Punitive Damages in Federal Court

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Punitive Damage in Federal Court

Punitive damages are not available in every case. For example, punitive damages are not available against municipalities, counties, or other governmental entities unless expressly authorized by statute. City of Newport v. Fact Concerts, Inc., 453 U.S. 247, 259-71 (1981).  Punitive damages may, however, be available against governmental employees acting in their individual capacities. See Monell v. New York City Dept. of Soc. Services, 436 U.S. 658 (1978); City of Newport, 453 U.S. at 254. In diversity cases, look to state law for an appropriate instruction.

Similarly, punitive damages claims arising under state law are subject to state law standards for recovery. See, e.g., Coughlin v. Tailhook Ass’n, 112 F.3d 1052, 1056 (9th Cir. 1997).

Whether punitive damages need to be proved by a preponderance of the evidence or clear and convincing evidence also depends on the standards applicable to the underlying claim for relief. For example, some states require proof by clear and convincing evidence before punitive damages are awarded on a state law claim. On the other hand, a preponderance of the evidence standard has been upheld for punitive damages in certain federal claims. See, e.g., In re Exxon Valdez, 270 F.3d 1215, 1232 (9th Cir.2001) (preponderance standard applies to punitive damages claim in maritime case, citing Pac. Mut. Life Ins. Co. v. Haslip, 499 U.S. 1, 23 n.11 (1991)).

Regarding degree of reprehensibility and punitive damages generally, see Philip Morris USA v.Williams 127 S. Ct. 1057, 1063 (2007;, BMW of N. Am., Inc. v. Gore, 517 U.S. 559 (1996), Pac. Mut. Life Ins. Co. v. Haslip, 499 U.S. 1 (1991); see also Morgan v. Woessner, 997 F.2d 1244,1256 (9th Cir.1993) (“Haslip said that instructions should be fashioned to describe the proper purposes of punitive damages so that the jury understands that punitive damages are not to compensate the plaintiff, but to punish the defendant and to deter the defendant and others from such conduct in the future.”). See also White v. Ford Motor Co., 500 F.3d 963, 972 (9th Cir. 2007) (trial court’s failure to give a “harm to nonparties” instruction violated due process and was reversible error after Williams). Bracketed language in the fourth paragraph of the instruction addresses this requirement when evidence concerning harm to nonparties is admitted on the issue of degree of reprehensibility.

The Ninth Circuit noted in White v. Ford Motor Co. that the inquiry of the relationship of any award of punitive damages to compensatory damages “is markedly different from the jury’s determination of a specific amount of punitive damages; its purpose is to aid in ascertaining the constitutional ceiling. Unlike the initial damage calculation, determining the constitutional ceiling on a punitive damage award is a question of law, properly reserved for the court.” 500 F. 3d at 974 (emphasis original). The court also observed that, although “states are certainly free to incorporate the reasonable relationship concept into jury instructions, . . . it is also constitutionally permissible for a district court to delay the reasonable relationship inquiry until the judge’s post-verdict review.” Id. at 974. Because Nevada chose the latter course, it was not error inWhite for the district court to decline a “relationship inquiry” instruction. Id.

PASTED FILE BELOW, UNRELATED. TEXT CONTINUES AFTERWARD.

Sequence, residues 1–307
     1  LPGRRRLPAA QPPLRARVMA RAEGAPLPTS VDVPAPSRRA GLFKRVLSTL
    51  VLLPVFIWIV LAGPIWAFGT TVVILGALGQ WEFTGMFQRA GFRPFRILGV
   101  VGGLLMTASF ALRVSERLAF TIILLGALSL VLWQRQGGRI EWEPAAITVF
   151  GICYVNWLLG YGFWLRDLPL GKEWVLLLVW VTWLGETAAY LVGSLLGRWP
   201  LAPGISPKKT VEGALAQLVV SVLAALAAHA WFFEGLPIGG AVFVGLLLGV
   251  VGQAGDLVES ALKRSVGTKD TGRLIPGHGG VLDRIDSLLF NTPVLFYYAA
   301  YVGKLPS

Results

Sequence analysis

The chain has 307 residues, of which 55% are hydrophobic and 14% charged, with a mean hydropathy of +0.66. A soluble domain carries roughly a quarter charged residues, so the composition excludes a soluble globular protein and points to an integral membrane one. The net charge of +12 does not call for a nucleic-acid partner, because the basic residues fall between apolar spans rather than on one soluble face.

Regarding the constitutional, due process issues involved in the “relationship inquiry,” see State Farm Mut. Auto. Ins. Co. v. Campbell, 538 U.S. 408, 425 (2003), referring to Gore and Haslip and stating that “[s]ingle-digit multipliers are more likely to comport with due process, while still achieving the State’s goals of deterrence and retribution, than awards with ratios in range of 500 to 1, or, in this case, of 145 to 1.”. In State Farm, the Court went on to say that “because there are no rigid benchmarks that a punitive damages award may not surpass, ratios greater than those we have previously upheld may comport with due process where ‘a particularly egregious act has resulted in only a small amount of economic damages.'” Id. (quoting Gore, 517 U.S. at 582.) For an application of the State Farm ratio principles in the context of a 42 U.S.C. § 1981 case, see Bains LLC v. Arco Prods. Co., 405 F.3d 764, 774-77 (9th Cir. 2005). But see, Exxon Shipping Co. v. Baker, __ U.S.___, 128 S. Ct. 2605 (2008)(applying federal maritime common law to conclude punitive damages could not exceed 1:1 ratio in maritime cases).

 

 

Source:  Ninth Circuit Manual of Model Jury Instructions (Civil)

About the Author

Jay Young is a Las Vegas, Nevada attorney. His practice focuses on business law, business litigation, and acting as an Arbitrator and Mediator. Peers have named him an AV-Rated Lawyer, Best Lawyers, a Top 100 Super Lawyers in the Mountain States multiple years, and to the Legal Elite and Top Lawyers lists for many years. Mr. Young has been appointed a part time Judge, a Special Master to the Clark County, Nevada Business Court, as an arbitrator by the Nevada Supreme Court. He has been appointed as an arbitrator or mediator of well over 250 legal disputes from business disputes to personal injury matters. He has been named Best Lawyers for Arbitration. Mr. Young is a respected author of ten books, including A Litigator’s Guide to Federal Evidentiary Objections, A Litigator’s Guide to the Federal Rules of Evidence, and the Federal Court Civil Litigation Checklist.
Mr. Young can be reached at 702.667.4868 or at jay@h2law.com.